COVID-19 Stress Could Increase Mental-Health Risks for Kids, Teens

By Carolyn Crist

July 03, 2020

NEW YORK (Reuters Health) - The COVID-19 pandemic will continue to affect vulnerable groups of children, especially those who are homeless, in foster care, struggle with substance-use disorders or identify as lesbian, gay, bisexual, transgender or queer (LGBTQ), according to a new paper by a social worker and a child-abuse researcher.

Stay-at-home orders, as well as family pressure and economic instability, could increase risks for anxiety, depression, suicidal thoughts and potential abuse, the two write in Pediatrics.

"My patients are resilient and strong, but I've been worrying about them. The safety nets that protect youth are gone or have changed, and those who are at risk don't have the same supports as before," said first author Dr. Rachel Silliman Cohen of Rowan University in Stratford, New Jersey.

Child protective services, mental-health professionals and teachers haven't been able to reach children and teens in the same way due to shelter-in-place restrictions, she added. Although telehealth options have helped, access is still limited.

"This is not a blip or one-time worry. This is a marathon that will affect youth for the long haul," she told Reuters Health by phone. "Academic disparities, unemployment and resource insecurity are ongoing challenges that won't disappear, even once the pandemic ends."

Dr. Silliman Cohen and her co-author Emily Adlin Bosk of Rutgers University, in New Brunswick, New Jersey, write about the challenges that children and teens are facing and the options that exist. For some adolescents, the say, home environments can be isolating and dangerous, particularly for those who may experience physical abuse, sexual abuse and neglect.

LGBTQ and gender-nonconforming youth face higher risks of physical and sexual abuse, the authors note. In addition, LGBTQ, runaway and homeless adolescents have a higher risk of depression, self-harming behaviors, suicidal ideation and suicide. The rates of attempted suicide can be two to 10 times higher than for other children.

With stay-at-home mandates, some of the supports that help youth were closed or reduced. Homeless and runaway children, for instance, are more likely to have poor physical health, substance-use disorders and sexually transmitted infections, and they may not be able to see doctors or mental-health professionals for help. They may also face a higher risk of contracting COVID-19 and may not be able to afford testing or treatment.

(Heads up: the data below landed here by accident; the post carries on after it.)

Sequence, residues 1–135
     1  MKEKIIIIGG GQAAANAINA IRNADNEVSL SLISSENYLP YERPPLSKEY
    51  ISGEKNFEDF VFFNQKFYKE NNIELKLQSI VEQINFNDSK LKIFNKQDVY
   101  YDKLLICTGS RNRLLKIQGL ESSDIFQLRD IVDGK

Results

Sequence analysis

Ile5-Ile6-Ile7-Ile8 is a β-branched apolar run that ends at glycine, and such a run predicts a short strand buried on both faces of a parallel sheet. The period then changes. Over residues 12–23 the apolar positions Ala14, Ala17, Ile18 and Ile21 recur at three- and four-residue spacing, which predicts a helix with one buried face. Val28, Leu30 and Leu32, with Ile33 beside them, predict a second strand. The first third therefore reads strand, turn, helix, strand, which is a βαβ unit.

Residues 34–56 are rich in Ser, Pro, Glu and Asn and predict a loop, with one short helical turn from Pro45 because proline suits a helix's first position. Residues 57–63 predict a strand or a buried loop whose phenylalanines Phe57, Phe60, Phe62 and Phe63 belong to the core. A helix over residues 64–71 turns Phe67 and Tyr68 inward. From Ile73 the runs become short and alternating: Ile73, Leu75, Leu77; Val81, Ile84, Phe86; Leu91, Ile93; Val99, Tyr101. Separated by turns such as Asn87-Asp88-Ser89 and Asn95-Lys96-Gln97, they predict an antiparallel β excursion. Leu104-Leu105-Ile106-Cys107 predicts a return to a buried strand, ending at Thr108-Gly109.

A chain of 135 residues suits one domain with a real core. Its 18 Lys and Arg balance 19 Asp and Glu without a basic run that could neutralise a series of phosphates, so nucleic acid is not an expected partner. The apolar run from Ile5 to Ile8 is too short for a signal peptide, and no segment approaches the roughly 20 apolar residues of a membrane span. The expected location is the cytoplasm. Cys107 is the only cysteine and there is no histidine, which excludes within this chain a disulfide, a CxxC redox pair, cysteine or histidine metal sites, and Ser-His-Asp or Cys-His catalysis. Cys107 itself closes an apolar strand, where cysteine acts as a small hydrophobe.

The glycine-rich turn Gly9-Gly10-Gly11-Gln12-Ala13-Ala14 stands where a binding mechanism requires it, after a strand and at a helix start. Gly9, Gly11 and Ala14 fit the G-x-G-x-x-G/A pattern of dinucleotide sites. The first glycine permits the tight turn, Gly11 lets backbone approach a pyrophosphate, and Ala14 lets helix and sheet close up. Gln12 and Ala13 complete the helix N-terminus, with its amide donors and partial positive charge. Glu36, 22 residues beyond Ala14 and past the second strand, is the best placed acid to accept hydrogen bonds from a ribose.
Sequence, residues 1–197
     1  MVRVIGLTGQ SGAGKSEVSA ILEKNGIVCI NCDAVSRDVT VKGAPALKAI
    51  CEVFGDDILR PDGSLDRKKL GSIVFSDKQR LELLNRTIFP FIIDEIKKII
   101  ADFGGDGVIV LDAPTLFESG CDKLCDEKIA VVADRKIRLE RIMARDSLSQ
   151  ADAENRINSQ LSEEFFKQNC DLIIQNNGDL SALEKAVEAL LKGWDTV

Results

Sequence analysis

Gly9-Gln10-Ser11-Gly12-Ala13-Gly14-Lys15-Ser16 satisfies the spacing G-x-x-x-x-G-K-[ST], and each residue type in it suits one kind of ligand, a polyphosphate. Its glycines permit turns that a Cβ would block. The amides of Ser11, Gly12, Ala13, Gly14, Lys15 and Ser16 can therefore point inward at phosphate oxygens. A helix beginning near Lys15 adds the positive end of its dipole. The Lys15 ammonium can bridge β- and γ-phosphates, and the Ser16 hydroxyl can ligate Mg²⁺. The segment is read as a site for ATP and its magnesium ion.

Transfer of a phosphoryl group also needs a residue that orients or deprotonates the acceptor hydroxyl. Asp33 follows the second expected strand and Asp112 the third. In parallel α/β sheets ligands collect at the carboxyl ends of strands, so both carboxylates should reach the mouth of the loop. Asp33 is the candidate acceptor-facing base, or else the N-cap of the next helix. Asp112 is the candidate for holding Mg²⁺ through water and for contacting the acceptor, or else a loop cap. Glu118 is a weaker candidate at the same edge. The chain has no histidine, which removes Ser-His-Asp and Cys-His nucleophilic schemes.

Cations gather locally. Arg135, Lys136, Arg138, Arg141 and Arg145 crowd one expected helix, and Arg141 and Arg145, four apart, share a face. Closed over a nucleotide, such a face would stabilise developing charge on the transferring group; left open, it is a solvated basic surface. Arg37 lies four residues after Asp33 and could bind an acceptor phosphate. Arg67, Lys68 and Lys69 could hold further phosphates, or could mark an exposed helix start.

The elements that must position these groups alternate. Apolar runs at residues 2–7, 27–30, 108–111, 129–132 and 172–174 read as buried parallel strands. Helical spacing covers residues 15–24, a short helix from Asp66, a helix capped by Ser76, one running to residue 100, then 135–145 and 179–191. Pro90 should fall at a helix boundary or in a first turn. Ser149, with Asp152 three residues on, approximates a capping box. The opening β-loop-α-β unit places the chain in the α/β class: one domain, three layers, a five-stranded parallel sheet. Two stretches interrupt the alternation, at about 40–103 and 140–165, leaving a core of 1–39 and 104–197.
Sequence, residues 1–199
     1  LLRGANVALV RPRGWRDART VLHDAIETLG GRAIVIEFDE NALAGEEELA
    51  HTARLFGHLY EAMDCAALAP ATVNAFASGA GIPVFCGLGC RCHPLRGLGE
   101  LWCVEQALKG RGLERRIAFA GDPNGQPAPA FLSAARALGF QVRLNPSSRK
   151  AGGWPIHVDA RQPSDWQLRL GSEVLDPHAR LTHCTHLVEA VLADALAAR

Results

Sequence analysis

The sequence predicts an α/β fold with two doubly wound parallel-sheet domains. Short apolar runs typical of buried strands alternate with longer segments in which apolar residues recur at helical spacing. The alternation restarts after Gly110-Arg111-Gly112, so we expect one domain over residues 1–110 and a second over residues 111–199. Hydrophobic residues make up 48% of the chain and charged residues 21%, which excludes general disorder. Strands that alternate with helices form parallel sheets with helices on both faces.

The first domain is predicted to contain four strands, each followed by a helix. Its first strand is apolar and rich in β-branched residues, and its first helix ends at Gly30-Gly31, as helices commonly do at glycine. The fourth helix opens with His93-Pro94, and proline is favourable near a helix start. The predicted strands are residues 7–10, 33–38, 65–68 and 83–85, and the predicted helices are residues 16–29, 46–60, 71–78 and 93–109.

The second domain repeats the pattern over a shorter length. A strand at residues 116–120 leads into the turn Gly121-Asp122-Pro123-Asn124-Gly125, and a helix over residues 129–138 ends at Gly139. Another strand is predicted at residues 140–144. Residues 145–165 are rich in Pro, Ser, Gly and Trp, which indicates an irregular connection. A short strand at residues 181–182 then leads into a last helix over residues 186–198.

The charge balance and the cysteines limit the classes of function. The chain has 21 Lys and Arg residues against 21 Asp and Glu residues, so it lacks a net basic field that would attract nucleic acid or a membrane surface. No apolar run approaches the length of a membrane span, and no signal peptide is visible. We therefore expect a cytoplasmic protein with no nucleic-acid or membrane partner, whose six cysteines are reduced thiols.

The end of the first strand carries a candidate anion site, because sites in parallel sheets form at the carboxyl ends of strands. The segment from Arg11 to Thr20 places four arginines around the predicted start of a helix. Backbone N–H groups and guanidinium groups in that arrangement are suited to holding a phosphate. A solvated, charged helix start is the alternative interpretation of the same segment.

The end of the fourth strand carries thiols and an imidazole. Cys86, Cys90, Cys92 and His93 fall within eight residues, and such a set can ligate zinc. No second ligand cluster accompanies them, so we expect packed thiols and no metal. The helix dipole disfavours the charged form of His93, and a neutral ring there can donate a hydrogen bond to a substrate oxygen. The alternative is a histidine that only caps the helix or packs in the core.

"Our job in society - with agencies, teachers and adults in general - is to support these kids and change our practices to help them," Dr. Silliman Cohen said. "Just because access has decreased doesn't meant that the vulnerabilities or risks have gone away."

Pediatric doctors, child-welfare agencies and advocacy groups have spoken up about the potential harms that vulnerable youth may experience during the pandemic, but more needs to be done, the authors write.

During telemedicine appointments, doctors should directly ask about abuse, household violence, mental health, food insecurity and economic issues, they suggest. Transgender youth already have limited access to medical care and medications and may need more assistance. Those with substance-use disorders may also need ongoing access to treatment, counseling and resources that help with relapse and withdrawal.

Homeless and foster care youth are also likely finding roadblocks to stable housing. Child protective services should forge partnerships with businesses or corporations to create special shelters, such as hotels or empty dorm rooms, during the pandemic, the authors write. Doctors, health departments and advocacy groups can recommend online support groups and mobile phone applications with helpful information as well.

"We know that young people have high unmet mental and healthcare needs, even before the pandemic. The inequities are magnified now," said Dr. Janna Gewirtz O'Brien of the University of Minnesota, in Minneapolis. Dr. Gewirtz O'Brien, who wasn't involved with this article, has written about mental health among homeless and runaway youth.

"Times are challenging for everyone right now, but it's also a time when pediatricians and others can be there to support these vulnerable groups and let them know we're here for them," she told Reuters Health by phone. "When families are struggling and there's more stress at home, we need to be there as a vital resource."

SOURCE: Pediatrics, online June 25, 2020.